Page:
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By now it’s old news that major film actors are flocking to television. The roles are often better. The writing is definitely better. Instead of telling a truncated story in roughly two hours, they get to inhabit a character in a multi-episode, living, breathing, ongoing narrative.
What’s not to like?
Despite knowing all of that, it’s still a thrill watching Showtime’s Ray Donovan (premiering June 30 at 10 p.m.) and basking in Liev Schreiber and Jon Voight going toe-to-toe. This was casting gold. Much has been written about how high-quality cable series resuscitated the careers of actresses of a certain age who were getting terrible roles on the big screen. But witness Voight here and you have to think that maybe a two-hour film devoting 20 or so minutes to such a heavyweight, no matter the material, is a disservice to the talent. Seriously, Voight is as riveting, menacing, nuanced and electric in Ray Donovan as in any role he’s had in years.
There is so much to love about Ray Donovan, but one of the best elements is that 62-year-old executive producer, creator and writer Ann Biderman (Southland, Public Enemies, Smilla’s Sense of Snow, Primal Fear) has absolutely obliterated the ridiculous industry standard that you have to be some young talented thing to make an impact. She’s created the most testosterone-fueled, rough and intelligent drama in ages, and it’s a credit to Showtime’s honcho David Nevins (and other executive producers Mark Gordon and Bryan Zuriff) that he bought into her vision and believed in her ability.
The series centers on Donovan (Schreiber, who is magnetic in every scene), as a Hollywood “fixer.” A famous basketball player ends up in bed with a dead woman? Ray’s got it. Your $200 million action film is about to come out and your star is caught on video blowing a tranny? Not a problem for Ray. He’s the epitome of the Triple C — cool, calm, collected — as he quashes all kinds of TMZ-styled headlines just waiting to happen.
But as good as Ray is at his job, it’s taking a toll on his family. His wife, Abby (Paula Malcomson) wants to be part of the good life in Los Angeles that Ray dabbles in for work, but hasn’t quite figured out that while her husband is powerful, he’s still working for others. Her maddening push to achieve more and more has strained their relationship — as has Ray’s infidelity — and their two children are caught in the middle.
Elsewhere it seems like Ray’s success and ability to control things in life is a valued asset for his two brothers, Terry (Eddie Marsan) a former boxer now dealing with Parkinson’s disease as he runs a gym in downtown Los Angeles; and Bunchy (Dash Mihok), who was molested by a priest as a young boy and has led a life of addiction and depression ever since.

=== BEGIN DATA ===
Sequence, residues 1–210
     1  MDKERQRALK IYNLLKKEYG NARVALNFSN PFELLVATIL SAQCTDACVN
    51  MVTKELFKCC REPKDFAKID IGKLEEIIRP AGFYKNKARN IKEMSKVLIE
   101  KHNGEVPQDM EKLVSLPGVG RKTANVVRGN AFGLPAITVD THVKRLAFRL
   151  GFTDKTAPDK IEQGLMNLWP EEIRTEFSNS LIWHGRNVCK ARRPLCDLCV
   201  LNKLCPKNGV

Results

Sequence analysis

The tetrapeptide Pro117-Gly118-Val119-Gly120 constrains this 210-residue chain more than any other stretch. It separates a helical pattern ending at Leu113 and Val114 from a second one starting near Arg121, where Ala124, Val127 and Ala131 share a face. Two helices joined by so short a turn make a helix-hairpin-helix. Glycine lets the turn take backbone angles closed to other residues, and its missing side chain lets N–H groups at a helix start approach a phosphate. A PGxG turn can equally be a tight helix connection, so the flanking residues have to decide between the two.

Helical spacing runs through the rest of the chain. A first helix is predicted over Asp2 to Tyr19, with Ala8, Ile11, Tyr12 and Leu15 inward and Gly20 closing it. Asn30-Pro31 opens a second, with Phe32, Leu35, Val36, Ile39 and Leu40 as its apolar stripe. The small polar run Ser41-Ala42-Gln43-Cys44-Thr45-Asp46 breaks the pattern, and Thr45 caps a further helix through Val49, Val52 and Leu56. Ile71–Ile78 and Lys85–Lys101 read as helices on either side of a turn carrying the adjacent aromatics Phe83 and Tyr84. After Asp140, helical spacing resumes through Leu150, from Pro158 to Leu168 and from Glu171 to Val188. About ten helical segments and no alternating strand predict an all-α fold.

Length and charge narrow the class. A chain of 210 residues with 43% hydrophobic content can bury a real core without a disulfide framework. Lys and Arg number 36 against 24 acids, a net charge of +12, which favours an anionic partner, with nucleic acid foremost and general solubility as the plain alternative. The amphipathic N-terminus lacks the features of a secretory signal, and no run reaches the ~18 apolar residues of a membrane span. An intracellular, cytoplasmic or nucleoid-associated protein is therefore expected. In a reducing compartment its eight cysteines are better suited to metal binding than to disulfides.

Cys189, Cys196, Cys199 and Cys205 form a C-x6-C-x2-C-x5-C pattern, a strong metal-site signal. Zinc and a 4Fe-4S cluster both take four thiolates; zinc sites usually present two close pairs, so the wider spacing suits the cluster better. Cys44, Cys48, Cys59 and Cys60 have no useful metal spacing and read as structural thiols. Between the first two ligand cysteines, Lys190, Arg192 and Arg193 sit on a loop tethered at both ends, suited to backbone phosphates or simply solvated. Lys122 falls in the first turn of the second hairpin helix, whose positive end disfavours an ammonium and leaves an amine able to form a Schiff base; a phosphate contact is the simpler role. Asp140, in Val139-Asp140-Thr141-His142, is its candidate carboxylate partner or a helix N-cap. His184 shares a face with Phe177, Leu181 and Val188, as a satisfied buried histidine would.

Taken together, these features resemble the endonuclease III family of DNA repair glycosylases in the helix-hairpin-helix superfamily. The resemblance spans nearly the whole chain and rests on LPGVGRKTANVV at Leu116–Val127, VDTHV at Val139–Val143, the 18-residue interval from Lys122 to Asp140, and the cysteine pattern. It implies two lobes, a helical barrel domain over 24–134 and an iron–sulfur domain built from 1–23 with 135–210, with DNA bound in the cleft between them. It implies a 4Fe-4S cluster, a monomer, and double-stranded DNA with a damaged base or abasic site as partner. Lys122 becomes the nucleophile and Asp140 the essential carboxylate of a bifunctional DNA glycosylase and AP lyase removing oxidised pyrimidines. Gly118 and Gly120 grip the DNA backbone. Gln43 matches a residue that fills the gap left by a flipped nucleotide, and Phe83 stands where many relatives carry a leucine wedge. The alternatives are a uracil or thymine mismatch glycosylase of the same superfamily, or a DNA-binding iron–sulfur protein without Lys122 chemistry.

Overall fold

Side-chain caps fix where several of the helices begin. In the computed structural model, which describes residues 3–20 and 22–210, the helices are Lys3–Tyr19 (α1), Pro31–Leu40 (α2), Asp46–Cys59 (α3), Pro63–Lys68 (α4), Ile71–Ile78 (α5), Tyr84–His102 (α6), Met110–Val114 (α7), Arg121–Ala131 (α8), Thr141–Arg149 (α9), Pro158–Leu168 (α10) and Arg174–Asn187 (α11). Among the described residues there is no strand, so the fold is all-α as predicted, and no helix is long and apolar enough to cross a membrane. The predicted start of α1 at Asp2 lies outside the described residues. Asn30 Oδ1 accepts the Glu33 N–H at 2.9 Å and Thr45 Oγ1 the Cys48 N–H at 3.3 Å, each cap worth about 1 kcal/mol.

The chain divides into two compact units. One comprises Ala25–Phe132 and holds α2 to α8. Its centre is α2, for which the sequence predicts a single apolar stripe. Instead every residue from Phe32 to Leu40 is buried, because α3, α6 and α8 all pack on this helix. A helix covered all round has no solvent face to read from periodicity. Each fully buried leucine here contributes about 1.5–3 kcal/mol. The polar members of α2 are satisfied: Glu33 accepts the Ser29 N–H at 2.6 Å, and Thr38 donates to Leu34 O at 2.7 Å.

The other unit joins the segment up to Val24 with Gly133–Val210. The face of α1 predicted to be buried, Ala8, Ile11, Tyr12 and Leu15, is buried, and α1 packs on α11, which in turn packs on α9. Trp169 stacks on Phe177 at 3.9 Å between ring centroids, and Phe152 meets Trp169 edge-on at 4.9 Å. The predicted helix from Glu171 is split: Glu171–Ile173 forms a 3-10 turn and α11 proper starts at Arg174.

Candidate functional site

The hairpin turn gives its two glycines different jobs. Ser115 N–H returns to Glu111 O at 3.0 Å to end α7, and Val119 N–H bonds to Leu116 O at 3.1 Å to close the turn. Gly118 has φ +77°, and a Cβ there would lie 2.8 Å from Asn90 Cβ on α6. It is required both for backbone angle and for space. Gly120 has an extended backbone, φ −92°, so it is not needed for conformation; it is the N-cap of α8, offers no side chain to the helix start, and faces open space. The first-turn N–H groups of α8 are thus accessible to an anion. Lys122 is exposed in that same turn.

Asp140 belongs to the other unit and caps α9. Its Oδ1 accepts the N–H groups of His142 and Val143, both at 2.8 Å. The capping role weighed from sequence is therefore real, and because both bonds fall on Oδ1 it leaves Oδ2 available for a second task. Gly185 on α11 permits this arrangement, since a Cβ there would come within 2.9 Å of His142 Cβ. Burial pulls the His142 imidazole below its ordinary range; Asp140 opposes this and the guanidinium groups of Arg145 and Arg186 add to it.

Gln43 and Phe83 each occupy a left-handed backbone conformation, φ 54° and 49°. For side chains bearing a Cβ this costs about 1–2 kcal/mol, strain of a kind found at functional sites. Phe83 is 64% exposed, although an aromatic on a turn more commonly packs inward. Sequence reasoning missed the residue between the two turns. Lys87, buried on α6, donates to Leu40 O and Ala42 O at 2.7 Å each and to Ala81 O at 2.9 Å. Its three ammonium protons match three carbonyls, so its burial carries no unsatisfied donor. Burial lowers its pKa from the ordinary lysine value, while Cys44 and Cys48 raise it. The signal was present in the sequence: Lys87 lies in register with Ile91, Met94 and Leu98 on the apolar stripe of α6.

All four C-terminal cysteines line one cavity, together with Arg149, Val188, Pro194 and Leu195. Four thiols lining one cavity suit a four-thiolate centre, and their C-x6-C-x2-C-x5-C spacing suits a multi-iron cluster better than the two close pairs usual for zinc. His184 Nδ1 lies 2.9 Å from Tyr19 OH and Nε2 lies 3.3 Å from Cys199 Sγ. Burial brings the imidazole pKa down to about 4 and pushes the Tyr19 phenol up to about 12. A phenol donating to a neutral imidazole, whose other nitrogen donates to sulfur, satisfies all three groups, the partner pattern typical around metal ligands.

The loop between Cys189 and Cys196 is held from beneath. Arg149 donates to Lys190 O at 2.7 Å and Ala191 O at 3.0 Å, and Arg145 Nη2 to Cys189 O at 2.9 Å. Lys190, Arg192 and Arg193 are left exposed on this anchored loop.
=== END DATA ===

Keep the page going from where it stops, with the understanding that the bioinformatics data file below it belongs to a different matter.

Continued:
The Donovans are South Boston through and through (as is Abby), shipped to Los Angeles by Ray to get away from their scheming, criminal father Mickey (Voight), who has spent the last 20 years in prison. And here’s the catch: He was supposed to serve 25. Now Mickey is out and heading to California in what can only be a nightmare scenario for Ray, who has fought his whole life to be separate from his dangerous, manipulative father.
There are lots of surprises in California that Mickey brings to light. First and foremost is that Ray, Terry and Bunchy have a black half-brother named Daryll (Pooch Hall), who is training at the gym. That means when Mickey shows up, his charm and dangerous persuasion is working wonders on at least three of his boys, which puts it at 4-to-1 against Ray.
The beauty of Ray Donovan is that it combines so many superb angles. Ray was the lone son that Mickey couldn’t manipulate and he’s gone to the opposite coast to make his escape and his way. But the sins of the father are close at hand and family is family, even if you hate them. The series skewers the vanity of Los Angeles and allows Ray to exist in this world where money can fix any indiscretion. It’s also the perfect city for exhibiting how a little money can create a lust for even more money — hence Abby’s social climbing — and works as a fine metaphor for the tarnished American dream.
Particularly effective is Biderman’s sense of incorporating something distinctly different — life in South Boston, Catholicism, church abuse, old-school family roots versus the fresh-start reincarnation promise of California. It’s a culture clash that is not even close to being the top element in Ray Donovan but provides a unique extra layer.
Having seen the first four episodes, another aspect that works is Biderman’s hiding of deeper secrets. There’s a hint that Ray was instrumental in putting his father in jail. And there’s another hint Mickey has an explosive secret that can bring down a lot of people, including Ezra Goldman (Elliott Gould), a confidant, collaborator and client of Ray’s who is slowly losing his sanity.
On a separate level, Ray’s day-to-day business of fixing the major screw-ups of the rich and famous in Los Angeles — aided by Avi (Steven Bauer) and Lena (Katherine Moennig), a no-bullshit lesbian whose story (like Avi’s) — is barely unraveling in the first four episodes. But these are good signs. Biderman has a lot of plot to manipulate and a lot of story to tell.
Biderman must be gleeful at getting to pull the strings on such an intricate story, with a fine ensemble cast. It’s an embarrassment of acting riches for Ray Donovan. So much so that any scene where Schreiber or Voight looks up to witness the other at a distance just crackles with anticipation — what hell is about to be unleashed in the ensuing moments?
Early sneaks of Ray Donovan hinted that Showtime might have a real gem on its hands, but four episodes provides an absolute exclamation point.
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